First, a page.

Car reviews - BMW - 6 Series - M6 Gran Coupe
Four-door practicality, restrained yet powerful design, steps up to the demands of the track
Room for improvement
Not really a five-seater, muted engine noise, is it $70,000 better than an M5?
27 Jun 2013
By BARRY PARK
, INSTEAD, with the M6 Gran Coupe you’re buying something of a street car named desire.
The most practical car to wear the M6 badge is beautiful to look at. Taut where needed, but with a fluid sweep along its chiselled flanks, and looking more like a tarted-up saloon than a 412kW, 680Nm track day monster, the fast-backed M6 oozes class rather than aggression.
You know it’s a Gran Coupe, too, because there is a small badge behind the rear door’s quarter pane that tells you.
The concept is a bit mind-boggling, though. It has five seats, but it is not a five-seater. Instead, it’s a four-plus-one, which roughly translated means some poor bugger has to squeeze into the high, hard, unsupportive middle rear seat.
But the back seat is what is all-new about this car. The $292,500 M6 Coupe and $308,500 M6 Convertible both have two doors and rear seats, admittedly only a pair of them, but both require a bit of dexterity.
The M6 Gran Coupe solves this by hanging a pair of rear doors off the thick central pillar. They’re small doors, though, so you’re going to have to twist sideways and drop into the low-slung pew, all the while remembering to duck under the steeply raking roofline.
Thankfully, the front doors are also smaller. Take an M6 two-door to a shopping centre and you’ll soon wish the bays were four metres wide, they open out so far. The Gran Coupe’s are much more car park-friendly.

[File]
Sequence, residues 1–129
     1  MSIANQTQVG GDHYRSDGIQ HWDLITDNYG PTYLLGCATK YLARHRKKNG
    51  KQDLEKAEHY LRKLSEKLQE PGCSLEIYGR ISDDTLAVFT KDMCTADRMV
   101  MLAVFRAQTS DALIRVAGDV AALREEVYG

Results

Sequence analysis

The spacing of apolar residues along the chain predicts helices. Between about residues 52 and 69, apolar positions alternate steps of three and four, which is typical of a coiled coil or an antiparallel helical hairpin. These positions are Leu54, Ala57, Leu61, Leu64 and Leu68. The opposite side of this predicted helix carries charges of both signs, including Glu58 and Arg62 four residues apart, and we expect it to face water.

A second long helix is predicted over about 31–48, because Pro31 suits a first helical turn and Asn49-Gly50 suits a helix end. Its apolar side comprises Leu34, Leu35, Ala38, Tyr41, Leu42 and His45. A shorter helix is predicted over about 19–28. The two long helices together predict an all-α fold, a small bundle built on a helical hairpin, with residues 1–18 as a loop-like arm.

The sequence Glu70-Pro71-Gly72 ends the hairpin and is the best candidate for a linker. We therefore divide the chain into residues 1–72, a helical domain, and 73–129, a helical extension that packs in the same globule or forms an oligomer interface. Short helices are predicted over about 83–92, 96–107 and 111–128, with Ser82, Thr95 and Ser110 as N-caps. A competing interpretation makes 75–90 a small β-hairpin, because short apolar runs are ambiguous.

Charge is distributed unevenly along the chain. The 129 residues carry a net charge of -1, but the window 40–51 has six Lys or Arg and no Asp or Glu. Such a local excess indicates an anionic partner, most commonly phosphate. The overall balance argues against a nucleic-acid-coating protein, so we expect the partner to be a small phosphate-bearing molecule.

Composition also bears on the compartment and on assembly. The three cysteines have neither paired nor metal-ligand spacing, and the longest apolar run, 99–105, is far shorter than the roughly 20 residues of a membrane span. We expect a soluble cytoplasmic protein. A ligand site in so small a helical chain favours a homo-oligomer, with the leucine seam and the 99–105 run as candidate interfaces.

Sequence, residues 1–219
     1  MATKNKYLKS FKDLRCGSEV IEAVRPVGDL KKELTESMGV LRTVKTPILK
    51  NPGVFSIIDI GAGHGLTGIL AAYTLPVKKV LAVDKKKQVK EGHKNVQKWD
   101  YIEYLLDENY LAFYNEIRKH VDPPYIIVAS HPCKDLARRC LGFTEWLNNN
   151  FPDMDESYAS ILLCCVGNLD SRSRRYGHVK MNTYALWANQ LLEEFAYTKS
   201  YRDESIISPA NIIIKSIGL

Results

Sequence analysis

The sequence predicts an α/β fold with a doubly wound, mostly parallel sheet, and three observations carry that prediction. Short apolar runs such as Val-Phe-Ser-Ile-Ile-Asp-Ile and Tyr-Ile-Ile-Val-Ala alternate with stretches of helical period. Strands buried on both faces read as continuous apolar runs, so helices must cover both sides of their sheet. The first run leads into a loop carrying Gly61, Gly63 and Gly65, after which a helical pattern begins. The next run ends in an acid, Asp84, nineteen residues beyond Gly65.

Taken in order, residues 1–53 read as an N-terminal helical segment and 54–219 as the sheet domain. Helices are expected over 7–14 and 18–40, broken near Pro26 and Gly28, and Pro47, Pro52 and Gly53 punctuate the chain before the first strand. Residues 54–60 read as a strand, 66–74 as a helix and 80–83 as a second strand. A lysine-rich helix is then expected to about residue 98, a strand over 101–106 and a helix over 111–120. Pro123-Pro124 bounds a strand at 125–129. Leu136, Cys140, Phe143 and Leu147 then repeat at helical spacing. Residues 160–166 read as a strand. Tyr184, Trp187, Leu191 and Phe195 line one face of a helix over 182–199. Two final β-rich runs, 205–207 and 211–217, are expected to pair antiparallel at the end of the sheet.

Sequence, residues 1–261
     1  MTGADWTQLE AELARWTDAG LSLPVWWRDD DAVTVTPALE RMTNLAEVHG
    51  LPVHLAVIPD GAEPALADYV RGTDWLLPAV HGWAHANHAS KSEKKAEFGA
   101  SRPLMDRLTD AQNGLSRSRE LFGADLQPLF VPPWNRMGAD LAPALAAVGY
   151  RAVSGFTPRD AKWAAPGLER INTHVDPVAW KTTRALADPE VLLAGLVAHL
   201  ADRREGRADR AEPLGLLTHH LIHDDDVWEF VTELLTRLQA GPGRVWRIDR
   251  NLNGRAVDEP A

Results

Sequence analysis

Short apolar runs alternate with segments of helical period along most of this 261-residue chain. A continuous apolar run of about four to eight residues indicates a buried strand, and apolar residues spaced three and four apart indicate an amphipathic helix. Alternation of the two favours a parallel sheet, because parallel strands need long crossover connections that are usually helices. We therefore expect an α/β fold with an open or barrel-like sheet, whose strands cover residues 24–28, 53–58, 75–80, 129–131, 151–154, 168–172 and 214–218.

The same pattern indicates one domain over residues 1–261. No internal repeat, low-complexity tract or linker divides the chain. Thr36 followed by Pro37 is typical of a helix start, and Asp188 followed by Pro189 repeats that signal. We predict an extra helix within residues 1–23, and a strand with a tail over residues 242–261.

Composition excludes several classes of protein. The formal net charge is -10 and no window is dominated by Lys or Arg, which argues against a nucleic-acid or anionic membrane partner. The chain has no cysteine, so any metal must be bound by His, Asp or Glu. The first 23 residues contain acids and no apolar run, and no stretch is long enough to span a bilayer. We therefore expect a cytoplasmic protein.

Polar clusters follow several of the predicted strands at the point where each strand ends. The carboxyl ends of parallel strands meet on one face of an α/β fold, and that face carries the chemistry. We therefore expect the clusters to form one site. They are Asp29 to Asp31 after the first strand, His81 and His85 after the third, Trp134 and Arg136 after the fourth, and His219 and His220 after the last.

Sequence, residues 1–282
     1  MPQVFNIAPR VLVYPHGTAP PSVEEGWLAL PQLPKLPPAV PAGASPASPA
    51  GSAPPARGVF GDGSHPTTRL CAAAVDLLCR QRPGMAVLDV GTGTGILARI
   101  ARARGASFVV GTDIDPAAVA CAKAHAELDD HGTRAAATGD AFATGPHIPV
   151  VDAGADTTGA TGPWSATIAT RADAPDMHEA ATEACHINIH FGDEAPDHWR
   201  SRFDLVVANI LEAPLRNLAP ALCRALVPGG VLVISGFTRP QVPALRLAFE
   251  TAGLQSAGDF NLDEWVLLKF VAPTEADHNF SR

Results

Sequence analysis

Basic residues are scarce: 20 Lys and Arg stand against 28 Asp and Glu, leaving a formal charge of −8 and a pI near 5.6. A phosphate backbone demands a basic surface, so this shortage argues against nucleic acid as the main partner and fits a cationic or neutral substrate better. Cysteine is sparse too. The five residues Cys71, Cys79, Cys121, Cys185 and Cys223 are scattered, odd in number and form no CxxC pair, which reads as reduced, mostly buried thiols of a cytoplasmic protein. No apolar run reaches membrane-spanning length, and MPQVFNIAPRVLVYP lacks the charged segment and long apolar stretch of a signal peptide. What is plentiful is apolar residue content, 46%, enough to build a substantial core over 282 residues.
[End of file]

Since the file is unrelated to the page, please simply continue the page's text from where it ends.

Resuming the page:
Once inside the rear, the 7 Series-rivalling pricing doesn’t quite translate into 7 Series-generous legroom. Knee space is tight, even with the scalloped seatbacks and a smaller driver or front-seat passenger, and toe room is even tighter. The middle-seat passenger has to contend with the space restrictions, the transmission tunnel, the centre console with its pair of climate controls, and that hard, high bench.
The front seats are the place to be. They’re leather-clad, infinitely adjustable, perfectly bolstered, heated, cooled and hugely comfortable.
The cabin contains typical BMW cues such as the switchgear for the climate control and the machined iDrive controller. There’s the typical thick-rimmed, M-badged, paddle shifter-framed steering wheel, but it appears cleaner and fresher than before with a new-look three-spoke design and two “M” buttons that call up pre-set steering, suspension and engine tunes.
Leather and leather-look material covers just about every surface where the eye falls, and carbon-fibre trim that matches the Gran Coupe’s lightweight roof keeps the sporty theme.
The centre console between the front seats looks as though someone dropped a handful of Scrabble pieces on it. The array of buttons control the steering weight, electronic dampers, stability control, fuel economy, gearshift harshness ...
Small-item storage is at a bit of a premium, with small door pockets, a small lidded pocket on the front of the centre console, a pair of cup-holders, and the small console bin.
The gearshift lever, too, has become a short, stubby knob that, until you get used to it is just as confusing to use as a Toyota Prius’s. You can’t park the car in neutral, because the electric parking brake won’t come on and the M6 will grumble with repeated audio and visual alerts. Instead, you leave the car in gear and hit the engine’s dash-mounted on-off button.